When Challenging Stereotypes Becomes Oppression

What Will you DefendThere is a video making the rounds that people keep sending me enthusiastically. It’s a video of people saying “I’m fat but…”  and “I’m fat and….”

I think that the people who made it were well intentions, and some of the things are very cool – like reminding people (because sadly some people need to be reminded) the we are fat and human.  Or reminding people that saying we love our fat bodies doesn’t mean that we are putting down bodies of other sizes (like saying “I love Salmon Nigiri” is not the same thing as saying “Fuck all the sushi except Salmon Nigiri.”)

But a lot of the video, and particularly the beginning, has some real issues (which is why I’m not linking to it). It’s a lot of Good Fatty/Bad Fatty dichotomy stuff – I’m fat but I’m not lazy, I’m fat but I actually like going to the gym etc. Speaking out against stereotypes can be an important part of activism, but I think we must take care to do so in a way that doesn’t throw those who happen to embody the stereotype under the bus, because at the end of the day, the issue isn’t whether or not we happen to embody a stereotype, it’s the fact that stereotypes exist that’s the problem.

That’s why I think it’s important to separate Fat Activism/Size Acceptance from Health at Every Size/health in general.  When we are talking about why we deserve to be treated with basic human respect and we start talking about what we eat and whether we go to the gym, we are going down a bad road, because we are suggesting that only fat people who “eat healthy” by whatever definition, or exercise, or have a certain health status deserve to be treated well and that’s totally bullshit.

Pointing out that stereotyping fat people is crappy behavior is important, but that doesn’t mean that we have to engage in the good fatty/bad fatty dichotomy to get it done. When we’re talking about fat people deserving to be treated with basic human respect, the only reason we need is because we’re human.  It doesn’t matter what someone’s stereotypes of us are, nor do our health, or eating or exercise habits come into play.

Fat people have the right to exist in fat bodies without bullying, stigma, and oppression and it doesn’t matter why we’re fat, what being fat means, or if we could be thin.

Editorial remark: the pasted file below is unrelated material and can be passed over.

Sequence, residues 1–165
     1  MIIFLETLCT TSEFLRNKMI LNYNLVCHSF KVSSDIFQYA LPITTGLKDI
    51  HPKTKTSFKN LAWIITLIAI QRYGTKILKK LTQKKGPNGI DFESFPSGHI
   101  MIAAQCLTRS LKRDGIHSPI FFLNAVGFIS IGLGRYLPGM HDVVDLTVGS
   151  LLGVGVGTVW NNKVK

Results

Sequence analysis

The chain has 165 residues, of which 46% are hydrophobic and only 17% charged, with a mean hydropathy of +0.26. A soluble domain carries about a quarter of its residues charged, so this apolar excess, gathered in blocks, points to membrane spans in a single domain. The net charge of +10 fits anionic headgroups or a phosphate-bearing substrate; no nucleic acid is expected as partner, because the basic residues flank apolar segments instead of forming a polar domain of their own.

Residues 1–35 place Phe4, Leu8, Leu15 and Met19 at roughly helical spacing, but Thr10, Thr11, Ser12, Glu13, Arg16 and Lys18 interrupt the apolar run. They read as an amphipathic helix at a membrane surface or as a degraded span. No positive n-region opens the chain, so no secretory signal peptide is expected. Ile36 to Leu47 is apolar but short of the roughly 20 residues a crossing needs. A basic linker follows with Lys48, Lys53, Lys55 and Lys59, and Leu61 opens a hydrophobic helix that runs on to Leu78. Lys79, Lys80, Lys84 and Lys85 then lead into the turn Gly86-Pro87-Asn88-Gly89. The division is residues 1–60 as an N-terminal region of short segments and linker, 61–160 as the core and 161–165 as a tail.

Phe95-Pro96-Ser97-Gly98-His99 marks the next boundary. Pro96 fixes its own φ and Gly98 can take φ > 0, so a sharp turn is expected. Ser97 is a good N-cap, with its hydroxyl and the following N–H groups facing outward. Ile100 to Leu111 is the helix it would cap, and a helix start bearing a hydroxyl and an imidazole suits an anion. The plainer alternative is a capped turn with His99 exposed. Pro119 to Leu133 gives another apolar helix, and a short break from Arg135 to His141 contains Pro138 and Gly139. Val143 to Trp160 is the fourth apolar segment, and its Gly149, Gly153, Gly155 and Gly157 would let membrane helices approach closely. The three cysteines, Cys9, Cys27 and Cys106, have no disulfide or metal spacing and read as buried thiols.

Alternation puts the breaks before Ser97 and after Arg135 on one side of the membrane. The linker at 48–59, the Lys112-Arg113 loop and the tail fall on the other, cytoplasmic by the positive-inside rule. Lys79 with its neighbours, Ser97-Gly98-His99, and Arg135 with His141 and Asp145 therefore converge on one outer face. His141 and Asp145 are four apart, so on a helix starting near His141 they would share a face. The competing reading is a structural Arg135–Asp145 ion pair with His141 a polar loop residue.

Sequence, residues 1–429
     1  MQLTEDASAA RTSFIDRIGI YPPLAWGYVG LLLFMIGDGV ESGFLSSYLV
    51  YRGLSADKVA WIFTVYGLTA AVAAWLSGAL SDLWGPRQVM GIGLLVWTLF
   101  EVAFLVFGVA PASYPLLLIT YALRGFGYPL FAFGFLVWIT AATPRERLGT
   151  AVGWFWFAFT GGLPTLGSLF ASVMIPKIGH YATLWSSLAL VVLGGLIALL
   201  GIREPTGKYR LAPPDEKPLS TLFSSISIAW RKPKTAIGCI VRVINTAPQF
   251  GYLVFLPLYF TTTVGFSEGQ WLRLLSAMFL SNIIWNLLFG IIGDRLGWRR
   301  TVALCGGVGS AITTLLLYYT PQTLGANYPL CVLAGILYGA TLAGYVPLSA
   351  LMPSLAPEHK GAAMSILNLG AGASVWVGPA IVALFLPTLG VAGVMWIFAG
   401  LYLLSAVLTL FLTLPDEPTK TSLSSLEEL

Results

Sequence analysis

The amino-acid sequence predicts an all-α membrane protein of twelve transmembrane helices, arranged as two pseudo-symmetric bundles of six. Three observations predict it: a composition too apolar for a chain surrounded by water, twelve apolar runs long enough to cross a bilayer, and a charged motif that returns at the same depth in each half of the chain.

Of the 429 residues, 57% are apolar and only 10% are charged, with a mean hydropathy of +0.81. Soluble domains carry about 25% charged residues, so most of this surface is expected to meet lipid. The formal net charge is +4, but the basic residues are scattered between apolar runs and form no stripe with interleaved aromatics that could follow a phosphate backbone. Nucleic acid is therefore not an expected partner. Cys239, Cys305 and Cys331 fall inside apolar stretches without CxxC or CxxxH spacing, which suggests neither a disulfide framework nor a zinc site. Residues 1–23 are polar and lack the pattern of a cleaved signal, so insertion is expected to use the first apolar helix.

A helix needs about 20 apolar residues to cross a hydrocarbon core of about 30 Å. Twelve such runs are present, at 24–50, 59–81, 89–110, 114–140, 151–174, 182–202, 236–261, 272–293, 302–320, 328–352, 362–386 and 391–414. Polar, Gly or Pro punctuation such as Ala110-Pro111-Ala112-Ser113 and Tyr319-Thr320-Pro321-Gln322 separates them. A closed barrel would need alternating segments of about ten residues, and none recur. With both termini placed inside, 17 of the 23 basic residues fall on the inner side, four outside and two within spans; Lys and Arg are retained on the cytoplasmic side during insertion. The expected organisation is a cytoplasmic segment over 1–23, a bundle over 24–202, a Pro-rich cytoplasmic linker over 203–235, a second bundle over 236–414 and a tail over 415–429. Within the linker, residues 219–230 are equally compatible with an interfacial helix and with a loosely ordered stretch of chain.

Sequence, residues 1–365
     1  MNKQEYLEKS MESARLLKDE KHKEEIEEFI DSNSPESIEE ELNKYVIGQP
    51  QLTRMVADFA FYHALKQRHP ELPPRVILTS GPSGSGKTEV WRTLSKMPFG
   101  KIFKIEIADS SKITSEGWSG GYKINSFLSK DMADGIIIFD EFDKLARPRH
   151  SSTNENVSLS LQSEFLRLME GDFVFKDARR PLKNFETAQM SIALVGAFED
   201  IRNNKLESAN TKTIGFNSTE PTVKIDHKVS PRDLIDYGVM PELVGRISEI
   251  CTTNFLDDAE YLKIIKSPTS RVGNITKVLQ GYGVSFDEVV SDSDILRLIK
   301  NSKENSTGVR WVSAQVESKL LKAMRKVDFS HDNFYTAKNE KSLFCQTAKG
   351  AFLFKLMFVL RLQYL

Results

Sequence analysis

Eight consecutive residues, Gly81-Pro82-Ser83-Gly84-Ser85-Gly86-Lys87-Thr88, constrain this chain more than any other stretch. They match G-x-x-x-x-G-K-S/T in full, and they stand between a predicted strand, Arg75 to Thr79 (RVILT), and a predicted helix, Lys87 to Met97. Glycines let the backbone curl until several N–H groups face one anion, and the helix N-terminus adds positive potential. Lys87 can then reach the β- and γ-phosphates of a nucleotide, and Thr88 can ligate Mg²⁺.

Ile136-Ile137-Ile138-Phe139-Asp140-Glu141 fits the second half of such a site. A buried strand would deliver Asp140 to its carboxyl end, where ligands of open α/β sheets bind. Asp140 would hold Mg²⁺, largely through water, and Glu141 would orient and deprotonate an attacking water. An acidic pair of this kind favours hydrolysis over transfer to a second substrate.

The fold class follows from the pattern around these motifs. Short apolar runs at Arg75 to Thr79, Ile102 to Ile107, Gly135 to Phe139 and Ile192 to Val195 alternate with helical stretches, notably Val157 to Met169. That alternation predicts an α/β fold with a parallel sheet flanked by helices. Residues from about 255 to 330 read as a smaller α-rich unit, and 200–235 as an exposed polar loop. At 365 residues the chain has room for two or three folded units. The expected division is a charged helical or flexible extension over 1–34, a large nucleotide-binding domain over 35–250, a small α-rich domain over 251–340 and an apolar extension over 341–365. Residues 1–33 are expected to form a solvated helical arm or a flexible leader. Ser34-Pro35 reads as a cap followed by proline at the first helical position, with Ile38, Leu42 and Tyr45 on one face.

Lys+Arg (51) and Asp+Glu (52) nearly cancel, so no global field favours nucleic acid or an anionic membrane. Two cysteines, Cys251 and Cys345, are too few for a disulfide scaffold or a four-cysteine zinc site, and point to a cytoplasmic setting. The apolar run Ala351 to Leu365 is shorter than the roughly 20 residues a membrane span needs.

In separate conversations we can point out that fat people are as diverse as any group of individuals who share only a single physical characteristic.  We can point out that there are people all sizes who engage in the behaviors stereotypically associated with fat people and that everybody deserves to be treated with respect, including thin people who don’t exercise or “eat healthy”

Fat people who are interested in fitness face tons of ill treatment, but when speaking out against that, it’s important to do so without throwing fat people who aren’t interested in fitness/sports/movement under the bus. So, for example, when I talk about being involved in fitness, I try to always point out that nobody is ever obligated to participate in fitness, and participating in movement/sport/fitness doesn’t make someone better than those who don’t, but everybody of every size should be able to engage in the fitness world without shame, stigma, bullying or harassment. When I speak out against lies that celebrity trainers tell about me, I try to make it clear that even if those lies were true I would still be a complete and worthy person deserving accommodation and being treated with respect, and, still, it is not ok to use a position of celebrity to tell lies about me, or all fat people.

When someone shames a fat person, we can insist that what they did was wrong, without some ridiculous made up narrative about how they used to be fatter.  We can speak out against stereotyping without oppressing others in the process, and I think we should!

In a few hours I’ll be on a plane to Iceland.  There’s still time to register and see me and a bunch of amazing speakers (Is there a group noun for amazing speakers?  There should be…) at the Weight Stigma Conference on Friday, and/or to join me in London on September 23rd with the amazing Lucy Aphramor, Havva Mustafa, and Amy Godfrey. And speaking of conferences:

The Fat Activism Conference Is Back 

This is a virtual conference so you can listen to the talks by phone and/or computer wherever you are. Whether you are looking for support in your personal life with family, friends, healthcare providers etc. or you’re interested in being more public with your activism with blogging, petitions, protest, projects, online activism, or something else, this conference will give you tools and perspectives to support you  and your work, and to help you make that work intentionally intersectional and inclusive, so that nobody gets left behind. Click here to get all the info and register!

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4 thoughts on “When Challenging Stereotypes Becomes Oppression

  1. “at the end of the day, the issue isn’t whether or not we happen to embody a stereotype, it’s the fact that stereotypes exist that’s the problem.” Amen! Thanks for writing and posting this. XO – M

  2. I haven’t seen the video, and I think busting stereotypes without sounding like you’re pillorying anyone who fits them can be a difficult balance to strike… but I agree the problem here is that fat people are held to a standard thin people aren’t, not the specifics of that standard. Society thinks a thin person who loves cake is cute and a fat person who loves cake is disgusting, and the *double standard* – the idea that a behavior that’s fine and dandy for thin people becomes repulsive and immoral once a fat person decides to engage in it – is where the bigotry comes in, not the cake. The cake is a… neutral variable in this equation.

    (What did you *think* I was going to say? ;))

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